Diseases of the liver and pancreas Flashcards Preview

Clinical Pathology > Diseases of the liver and pancreas > Flashcards

Flashcards in Diseases of the liver and pancreas Deck (49):
1

Which organelle conjugates bilirubin?

Smooth endoplasmic reticulum

2

What are the functions of the liver?

Carbohydrates
- Glycogen storage & synthesis
- Glycolysis & gluconeogenesis

Proteins
- Synthesis & catabolism
- Clotting factors
- Amino acid metabolism &urea synthesis

Lipids
- Lipoprotein & cholesterol synthesis
- Fatty acid metabolism
- Bile acid synthesis

Excretion & detoxification
- Bile acid & bilirubin excretion
- Drug detoxification & excretion
- Steroid hormone inactivation & excretion

Miscellaneous
- Iron storage
- Vitamin A, D, E & B12 storage & metabolism

3

What is measured by LFTs?

Alkaline phosphatase

ALT (alanine aminotransferase)

AST (aspartate transaminase)

Bilirubin

Albumin

Total protein

GGT (glutamyl transferase)

4

What tests might be used for specific liver functions?

Carbohydrate metabolism
- glucose

Protein metabolism
- albumin
- urea
- prothrombin (clotting factors)

Lipid metabolism
- cholesterol
- triglycerides
- bile acids

Excretion and detoxification
- bilirubin
- drugs
- steroid hormones

Misc
- Ferritin (iron storage)
- Prothrombin time (Vit K)

5

What tests give an indication of hepatocyte damage?

Aminotransferases
- Alanine/ALT
- Aspartate/AST
- Found in the cell and only released by cellular damage.

ALT is more specific for liver than AST

AST also found in muscle and red blood cells

Tumour markers – α-fetoprotein (primary hepatocellular carcinoma)

6

What tests give an indication of biliary tract damage?

Impaired excretory function
- Increased Conjugated bilirubin

Increased synthesis of enzymes by cells lining the bile canaliculi
- ALP
- γGT

7

What might be the causes of increased ALP in biliary tract damage?

Cholestasis (intra- or extrahepatic)

Infiltrative diseases

Space-occupying lesions (tumours)

Cirrhosis

8

Which organs also secrete ALP isoenzymes?

Liver

Bone

Intestine

Placenta

9

If γGT and ALP are raised, what might this mean?

A raised γGT supports a liver source of ALP (as opposed to any other isoenzyme).

Elevated due to structural damage

10

What can cause biliary tract damage?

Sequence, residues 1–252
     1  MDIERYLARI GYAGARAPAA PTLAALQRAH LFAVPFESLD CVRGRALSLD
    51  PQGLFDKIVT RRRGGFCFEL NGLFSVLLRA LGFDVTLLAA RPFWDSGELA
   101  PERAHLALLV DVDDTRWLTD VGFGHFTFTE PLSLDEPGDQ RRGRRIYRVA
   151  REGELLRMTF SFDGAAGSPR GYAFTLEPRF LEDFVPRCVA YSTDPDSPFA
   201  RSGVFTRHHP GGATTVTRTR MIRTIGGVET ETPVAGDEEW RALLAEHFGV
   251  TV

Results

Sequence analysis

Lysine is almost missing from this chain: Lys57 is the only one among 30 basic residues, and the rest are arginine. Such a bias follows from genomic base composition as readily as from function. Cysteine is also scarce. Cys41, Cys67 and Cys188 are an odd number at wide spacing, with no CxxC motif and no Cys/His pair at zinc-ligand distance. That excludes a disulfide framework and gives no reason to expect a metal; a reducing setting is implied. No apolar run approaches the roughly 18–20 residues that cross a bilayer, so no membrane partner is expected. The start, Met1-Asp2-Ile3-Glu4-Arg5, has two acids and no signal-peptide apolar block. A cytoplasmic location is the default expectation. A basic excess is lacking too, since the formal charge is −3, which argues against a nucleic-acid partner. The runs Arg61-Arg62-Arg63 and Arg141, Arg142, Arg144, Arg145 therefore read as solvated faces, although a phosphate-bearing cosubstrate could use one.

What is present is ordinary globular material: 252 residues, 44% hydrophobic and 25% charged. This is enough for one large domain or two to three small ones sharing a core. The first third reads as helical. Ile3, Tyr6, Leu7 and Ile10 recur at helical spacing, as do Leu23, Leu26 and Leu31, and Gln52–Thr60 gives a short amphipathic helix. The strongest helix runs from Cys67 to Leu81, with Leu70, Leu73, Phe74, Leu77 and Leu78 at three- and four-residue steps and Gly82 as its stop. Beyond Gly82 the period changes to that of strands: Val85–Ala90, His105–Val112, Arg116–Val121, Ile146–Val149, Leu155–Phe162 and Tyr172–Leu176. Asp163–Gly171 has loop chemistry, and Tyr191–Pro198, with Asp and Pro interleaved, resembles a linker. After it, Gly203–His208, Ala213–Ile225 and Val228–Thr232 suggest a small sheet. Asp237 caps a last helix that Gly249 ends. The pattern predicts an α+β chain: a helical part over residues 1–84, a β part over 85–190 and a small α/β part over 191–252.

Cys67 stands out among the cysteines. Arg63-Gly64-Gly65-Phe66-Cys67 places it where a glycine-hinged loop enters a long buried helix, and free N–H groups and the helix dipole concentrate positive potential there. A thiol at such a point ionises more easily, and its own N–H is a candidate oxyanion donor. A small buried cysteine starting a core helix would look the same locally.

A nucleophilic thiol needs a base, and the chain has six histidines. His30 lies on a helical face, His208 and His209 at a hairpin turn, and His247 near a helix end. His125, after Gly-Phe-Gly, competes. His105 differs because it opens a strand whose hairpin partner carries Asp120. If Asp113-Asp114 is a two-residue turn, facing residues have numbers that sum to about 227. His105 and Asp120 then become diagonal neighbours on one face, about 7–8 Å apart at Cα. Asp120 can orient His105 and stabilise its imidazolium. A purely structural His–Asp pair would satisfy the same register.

alcohol

enzyme inducing agents
- e.g. anti-epileptics

fatty liver
- e.g. due to alcohol, diabetes or obesity

heart failure

prostatic disease

pancreatic disease
- acute & chronic pancreatitis, cancer

kidney damage
- ARF, nephrotic syndrome, rejection

11

What are the biochemical markers of fibrosis?

ELF score
- PIIINP
- TIMP-1
- Hyaluronic acid

12

What is bilibrubin a measure of?

Excretory capacity of the liver and free flow of bile.

13

What is bilirubin measured as?

Total

Unconjugated
- Pre-hepatic & Hepatic

Conjugated
- Post-hepatic (Obstructive) & Hepatic

14

What serum level of bilirubin is considered to be jaundice?

> 40-50 μmol/L

15

What happens to bilirubin in the liver?

It is conjugated to bilirubin glucuronide by glucuronyl transferase.

16

What protein is bilirubin bound to in the blood?

Albumin

17

What are the pre-hepatic causes of jaundice?

Haemolysis
- e.g. Rhesus incompatibility

Ineffective erythropoiesis
- e.g. spherocytosis

18

What are the post-hepatic (obstructive) causes of jaundice?

Gallstones

Biliary Stricture

Cancer
- i.e. cholangiocarcinoma, head of pancreas

Cholangitis

19

What are the hepatic causes of jaundice?

Unconjugated
- Pre-microsomal
- Microsomal
- Inherited disorders of conjugation e.g. Gilberts, Crigler-Najjar

Conjugated
- Post-microsomal/impaired excretion
- Intrahepatic obstruction
- Inherited disorders of excretion e.g. Dubin-Johnson, Rotor.

20

What are the inborn errors of bilirubin metabolism?

Decreased activity of UDP glucuronyl transferase
- Gilbert’s
- Crigler-Najjar

Reduced ability to excrete bilirubin glucuronide
- Dubin-Johnson
- ROTOR

21

What is the pathway from haemoglobin to bilirubin glucuronide?

Haemoglobin -> bilirubin albumin-bound bilirubin -> bilirubin -> bilirubin glucuronide -> bile duct